Ultimately, the president's intransigence could spell doom for the reform, joining the failed attempts of his three predecessors in doing so. At this point, it should be obvious that the marginal benefit of leaving his spending targets untouched is not remotely comparable to the disaster that would be if the reform failed to pass. Right now there are three possible outcomes of the reform debate:
- Best case - The government caves in and accepts the need for spending cuts, thereby assuring that the opposition will support his reform with as little modification on the revenue side as possible. With spending cuts included, the reform could in theory bring down the deficit more than the 2% of GDP currently envisaged. This may appear to die hard PAC supporters as a political defeat even though it would be the best option for the economy.
- Least worst case - The government severely waters down its reform in order to obtain opposition approval while leaving spending largely untouched. As a result, the reform will probably have just a marginal impact on the deficit of around 1% of GDP at best (probably less). Mr. Solís is likely to spin this outcome as a "victory" (he did pass a reform - any reform - after all) but few people will be fooled. The opposition will spin it more successfully since they can claim to have prevented a rise in taxes that would have hit household incomes unfairly.
- Worst case - The government refuses to budge on spending cuts and on watering down its revenue-raising measures. It fails to obtain opposition support and does not pass. It is a major political setback for the Solis administration who will likely ride out the last two years in office as a lame duck (much like his predecessor) and make the PAC unelectable in 2018.
Right now, the odds are on number 2, but it's not too far-fetched to think that the worst case scenario could materialize instead.
The real specter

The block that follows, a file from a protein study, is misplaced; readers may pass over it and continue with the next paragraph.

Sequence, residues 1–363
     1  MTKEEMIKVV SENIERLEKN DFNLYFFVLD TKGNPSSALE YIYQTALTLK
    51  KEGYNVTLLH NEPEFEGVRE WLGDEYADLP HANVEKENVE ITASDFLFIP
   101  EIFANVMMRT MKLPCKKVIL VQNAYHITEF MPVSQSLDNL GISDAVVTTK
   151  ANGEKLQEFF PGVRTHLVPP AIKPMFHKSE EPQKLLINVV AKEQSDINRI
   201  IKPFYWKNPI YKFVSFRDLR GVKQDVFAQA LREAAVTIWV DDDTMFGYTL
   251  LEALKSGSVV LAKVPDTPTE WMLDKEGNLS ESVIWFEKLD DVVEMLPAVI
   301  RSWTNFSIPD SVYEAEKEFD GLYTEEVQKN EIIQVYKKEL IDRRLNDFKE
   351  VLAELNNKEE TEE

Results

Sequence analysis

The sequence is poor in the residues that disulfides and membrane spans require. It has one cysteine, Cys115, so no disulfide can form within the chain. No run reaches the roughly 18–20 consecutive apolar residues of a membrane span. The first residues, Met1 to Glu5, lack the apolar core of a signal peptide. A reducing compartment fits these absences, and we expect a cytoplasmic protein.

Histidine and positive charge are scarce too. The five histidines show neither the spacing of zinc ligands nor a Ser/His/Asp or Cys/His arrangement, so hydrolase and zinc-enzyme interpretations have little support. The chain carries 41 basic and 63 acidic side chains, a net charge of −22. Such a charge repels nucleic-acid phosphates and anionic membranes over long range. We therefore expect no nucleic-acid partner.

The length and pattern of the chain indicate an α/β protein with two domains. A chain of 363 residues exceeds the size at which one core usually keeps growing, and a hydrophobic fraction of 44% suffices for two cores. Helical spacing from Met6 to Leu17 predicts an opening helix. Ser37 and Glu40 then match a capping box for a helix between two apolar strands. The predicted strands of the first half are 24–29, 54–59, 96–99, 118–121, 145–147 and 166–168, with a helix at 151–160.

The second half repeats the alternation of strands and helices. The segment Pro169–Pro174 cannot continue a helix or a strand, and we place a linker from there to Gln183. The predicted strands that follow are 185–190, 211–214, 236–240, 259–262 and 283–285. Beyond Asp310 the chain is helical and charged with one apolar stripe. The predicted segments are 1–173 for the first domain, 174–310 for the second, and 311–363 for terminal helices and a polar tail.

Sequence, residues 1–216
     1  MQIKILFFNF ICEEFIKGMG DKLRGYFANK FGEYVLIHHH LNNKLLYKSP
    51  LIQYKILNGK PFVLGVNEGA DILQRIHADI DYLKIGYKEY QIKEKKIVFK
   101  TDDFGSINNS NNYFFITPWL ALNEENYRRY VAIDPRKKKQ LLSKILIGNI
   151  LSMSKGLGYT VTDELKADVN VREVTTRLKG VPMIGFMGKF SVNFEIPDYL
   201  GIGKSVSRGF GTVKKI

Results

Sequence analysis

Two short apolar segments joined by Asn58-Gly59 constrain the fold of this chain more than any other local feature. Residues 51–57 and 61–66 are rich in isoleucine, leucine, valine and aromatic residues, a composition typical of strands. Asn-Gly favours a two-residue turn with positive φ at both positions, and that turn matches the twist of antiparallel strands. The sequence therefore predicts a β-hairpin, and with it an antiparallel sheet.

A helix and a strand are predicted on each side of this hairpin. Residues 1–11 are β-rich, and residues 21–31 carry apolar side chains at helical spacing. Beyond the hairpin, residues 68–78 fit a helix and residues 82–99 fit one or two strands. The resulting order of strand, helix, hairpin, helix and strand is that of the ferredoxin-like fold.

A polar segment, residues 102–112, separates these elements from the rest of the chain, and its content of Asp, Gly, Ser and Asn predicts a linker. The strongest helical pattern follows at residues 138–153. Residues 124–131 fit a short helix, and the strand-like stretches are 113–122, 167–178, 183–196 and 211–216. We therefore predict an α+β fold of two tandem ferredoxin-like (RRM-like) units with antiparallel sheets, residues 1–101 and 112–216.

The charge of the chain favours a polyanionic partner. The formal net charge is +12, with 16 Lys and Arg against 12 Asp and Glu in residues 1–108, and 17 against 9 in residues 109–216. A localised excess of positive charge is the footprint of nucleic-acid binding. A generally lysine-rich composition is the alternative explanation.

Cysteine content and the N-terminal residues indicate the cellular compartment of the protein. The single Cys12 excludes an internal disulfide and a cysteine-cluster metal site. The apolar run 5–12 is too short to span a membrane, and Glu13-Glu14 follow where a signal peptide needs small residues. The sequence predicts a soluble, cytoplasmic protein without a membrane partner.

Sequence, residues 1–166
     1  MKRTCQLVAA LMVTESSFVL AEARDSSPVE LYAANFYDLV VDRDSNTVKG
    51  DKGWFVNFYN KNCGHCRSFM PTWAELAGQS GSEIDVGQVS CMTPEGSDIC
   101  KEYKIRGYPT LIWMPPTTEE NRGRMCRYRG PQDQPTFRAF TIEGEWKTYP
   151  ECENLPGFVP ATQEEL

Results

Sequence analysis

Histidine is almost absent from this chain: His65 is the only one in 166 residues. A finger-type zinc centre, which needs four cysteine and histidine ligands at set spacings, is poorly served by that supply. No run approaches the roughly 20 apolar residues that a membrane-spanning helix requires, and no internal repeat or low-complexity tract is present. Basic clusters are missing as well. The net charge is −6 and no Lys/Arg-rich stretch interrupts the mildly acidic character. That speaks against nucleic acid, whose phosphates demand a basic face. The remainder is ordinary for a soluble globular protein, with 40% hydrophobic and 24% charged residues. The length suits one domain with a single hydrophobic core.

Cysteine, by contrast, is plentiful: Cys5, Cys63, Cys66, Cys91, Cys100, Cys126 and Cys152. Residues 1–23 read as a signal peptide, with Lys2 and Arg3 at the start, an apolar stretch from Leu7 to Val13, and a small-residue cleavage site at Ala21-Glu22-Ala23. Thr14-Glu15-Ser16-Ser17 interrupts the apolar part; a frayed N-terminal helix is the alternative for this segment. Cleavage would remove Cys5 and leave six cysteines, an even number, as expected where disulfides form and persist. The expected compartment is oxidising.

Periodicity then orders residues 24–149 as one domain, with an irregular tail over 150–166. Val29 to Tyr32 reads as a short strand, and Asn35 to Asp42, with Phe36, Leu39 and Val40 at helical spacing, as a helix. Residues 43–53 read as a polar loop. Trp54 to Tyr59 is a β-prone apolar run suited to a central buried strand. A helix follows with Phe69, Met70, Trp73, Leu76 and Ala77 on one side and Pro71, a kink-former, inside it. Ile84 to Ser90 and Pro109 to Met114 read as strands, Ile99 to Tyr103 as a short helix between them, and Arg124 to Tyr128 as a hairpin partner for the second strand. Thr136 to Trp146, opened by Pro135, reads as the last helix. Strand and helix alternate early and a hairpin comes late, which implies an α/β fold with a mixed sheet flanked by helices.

It is difficult to assess what will be the long lasting damage of a failed Solís presidency. Certainly it will not help reverse the prevailing state of gloom by Costa Ricans who have benefited little from the country's political diversification after decades of bipartisanism. Costa Rica is unique among Latin American countries in that it has a mainstream libertarian party, for example, as well as a party focused on the interests of disabled people. There are no less than three evangelical Christian parties with a seat in the legislature. Like most Latin American countries, it now has a radical left party but also a sensible, centrist left, and its right-wing is also quite moderate compared to others in the continent. But the cost of this tyranny of (electoral) choice has been gridlock, since the country's democratic institutions have not evolved enough to accommodate its 21st century pluralism.
In many respects, tiny Costa Rica still towers above its neighbors. It is among Latin America's most affluent societies, crime is well below the regional average, and its education levels have given it a distinct economic edge in hi-tech manufacturing. For all its present political dysfunction, it is a remarkably stable state, with no serious internal or external conflicts and with few material threats to its democracy. But the country simply isn't moving forward the way Costa Ricans rightfully expect it to, and the political establishment appears only more willing to shield itself behind a concrete wall of partisan and ideological interests rather than accept certain compromises for the sake of progress. San José's soulless, unwelcoming new legislative building seems to be the perfect visual metaphor this state of affairs. Which leads one to think that the specter that is haunting Costa Rica isn't just brutalism. It's stagnation.